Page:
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Editorial

No road to development

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By EMN Updated: Nov 15, 2014 9:38 pm
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[dropcap]T[/dropcap]he outstanding Roman road system and transportation network made possible Roman conquest and administration and later provided highways for the great migrations into the empire and a means for the diffusion of Christianity. This is what we learn when we delve back into history. In fact, as recorded by Greek historian Dionysius of Halicarnassus who flourished during the reign of Caesar Augustus – “The extraordinary greatness of the Roman Empire manifests itself above all in three things: the aqueducts, the paved roads, and the construction of the drains.”
The great Roman Empire is clearly not a role model for Nagaland as these are exactly three aspects – water supply, road and drainage – which don’t appear to ever be at the top of our priority list. Our roads particularly are always in the limelight for all the wrong reasons, but rather than improving it just keeps getting worse and, by the look of things, there does not seem to be any light at the end of the tunnel.One topic that is beloved by our politicians is development. We are constantly bombarded by sermons on development as our politicians enthusiastically dive into rhetoric every chance they get. Now the monkey wrench here is the correlation between development and good roads and connectivity.
To again go back to history, we learn that the Incas had an incredible system of roads. Referred to as an ‘all-weather highway system’, the over 14,000 miles of Inca roads were an astonishing and reliable precursor to the advent of the automobile. Communication and transport was efficient and speedy, linking the mountain peoples and lowland desert dwellers with Cuzco, the Inca heartland. They were built to last and to withstand the extreme natural forces of wind, floods, ice, and drought. This central nervous system of Inca transport and communication rivalled that of Rome and, in large part, it was how the Inca Dynasty was able to build itself into the largest pre-Columbian empire in the New World.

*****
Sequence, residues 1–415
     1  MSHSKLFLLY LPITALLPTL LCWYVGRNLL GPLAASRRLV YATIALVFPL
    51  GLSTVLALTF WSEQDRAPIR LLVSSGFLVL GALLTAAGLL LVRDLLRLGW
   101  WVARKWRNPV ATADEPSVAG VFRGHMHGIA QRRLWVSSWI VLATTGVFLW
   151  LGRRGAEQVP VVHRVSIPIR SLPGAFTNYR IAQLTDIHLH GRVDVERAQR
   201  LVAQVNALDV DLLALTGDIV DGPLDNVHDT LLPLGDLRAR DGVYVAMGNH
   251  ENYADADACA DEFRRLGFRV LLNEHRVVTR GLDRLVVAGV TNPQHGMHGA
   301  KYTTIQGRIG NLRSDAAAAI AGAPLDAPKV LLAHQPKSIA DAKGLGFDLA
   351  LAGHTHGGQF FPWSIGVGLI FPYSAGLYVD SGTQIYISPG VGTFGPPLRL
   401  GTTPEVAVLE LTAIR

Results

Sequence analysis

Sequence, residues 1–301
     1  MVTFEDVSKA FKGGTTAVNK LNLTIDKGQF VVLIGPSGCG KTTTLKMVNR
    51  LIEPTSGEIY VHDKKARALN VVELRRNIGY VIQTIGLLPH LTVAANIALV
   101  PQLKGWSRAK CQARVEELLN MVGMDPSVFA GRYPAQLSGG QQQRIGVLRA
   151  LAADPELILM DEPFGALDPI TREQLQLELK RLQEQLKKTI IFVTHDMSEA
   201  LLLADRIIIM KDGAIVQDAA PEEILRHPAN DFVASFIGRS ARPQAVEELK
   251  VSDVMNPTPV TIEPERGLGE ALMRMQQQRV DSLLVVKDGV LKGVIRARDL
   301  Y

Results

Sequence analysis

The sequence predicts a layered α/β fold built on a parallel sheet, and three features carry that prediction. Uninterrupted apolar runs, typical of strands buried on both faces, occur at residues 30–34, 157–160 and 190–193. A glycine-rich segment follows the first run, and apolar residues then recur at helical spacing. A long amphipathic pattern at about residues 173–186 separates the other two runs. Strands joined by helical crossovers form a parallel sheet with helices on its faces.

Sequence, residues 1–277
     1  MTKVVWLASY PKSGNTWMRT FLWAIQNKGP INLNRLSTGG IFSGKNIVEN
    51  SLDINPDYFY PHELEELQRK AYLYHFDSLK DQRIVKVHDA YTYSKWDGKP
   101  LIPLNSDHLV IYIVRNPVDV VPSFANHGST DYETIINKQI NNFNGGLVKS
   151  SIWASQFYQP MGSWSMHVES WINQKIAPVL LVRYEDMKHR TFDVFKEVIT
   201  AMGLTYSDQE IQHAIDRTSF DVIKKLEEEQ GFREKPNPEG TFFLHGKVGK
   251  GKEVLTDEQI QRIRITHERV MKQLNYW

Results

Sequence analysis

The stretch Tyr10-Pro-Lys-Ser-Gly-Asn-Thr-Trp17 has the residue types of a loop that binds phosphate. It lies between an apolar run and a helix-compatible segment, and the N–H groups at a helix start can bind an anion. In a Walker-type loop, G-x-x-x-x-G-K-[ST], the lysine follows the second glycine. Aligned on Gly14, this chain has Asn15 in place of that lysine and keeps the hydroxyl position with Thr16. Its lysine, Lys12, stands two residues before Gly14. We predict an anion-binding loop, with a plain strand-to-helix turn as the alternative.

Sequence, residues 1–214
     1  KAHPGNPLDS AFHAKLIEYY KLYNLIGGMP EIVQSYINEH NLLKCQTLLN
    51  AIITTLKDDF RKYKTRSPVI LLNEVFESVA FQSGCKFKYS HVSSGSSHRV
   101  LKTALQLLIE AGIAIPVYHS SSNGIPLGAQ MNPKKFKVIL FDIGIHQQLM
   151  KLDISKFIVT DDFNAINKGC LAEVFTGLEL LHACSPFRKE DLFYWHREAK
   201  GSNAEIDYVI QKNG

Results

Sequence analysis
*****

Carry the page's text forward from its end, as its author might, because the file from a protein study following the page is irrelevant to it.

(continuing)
So, history has reminded us of the importance of good and reliable road and transportation systems for social and economic growth of a society. Reducing the distance between people, markets, services and knowledge is a great part of what social and economic growth is all about.
Given this fact, our chances at any quick or real development do not look very good, does it? About the quality of our existing roads, there’s nothing more that can be said that has not been said before. In fact, in some places, it is even embarrassing to call them roads and we’re not talking about the roads in the so-called remote areas but the bumpy, pot-holed ones right in the middle of our urban centres. Speaking about remote, the areas that had been remote to start with continue to remain remote even after fifty years of statehood. The discontent brewing in the ranks is no mystery. If connectivity had been given due priority in these past decades, the much talked about ‘backwardness’ of the various ‘remote’ areas would have been a thing of the past a long time ago. Good old common sense alone tells us that good and efficient connectivity can provide economic and social opportunities and benefits such as better accessibility to markets, employment and so on. Consequences of a deficiency in this regard are obvious – reduced or missed opportunities and poor quality of life.
Unless the most crucial component for development – roads and connectivity – is given the attention it deserves, there’s really no point in the development lectures that we’re constantly forced to listen to. It’s like putting the cart before the horse and amounts to only meaningless rhetoric.

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By EMN Updated: Nov 15, 2014 9:38:58 pm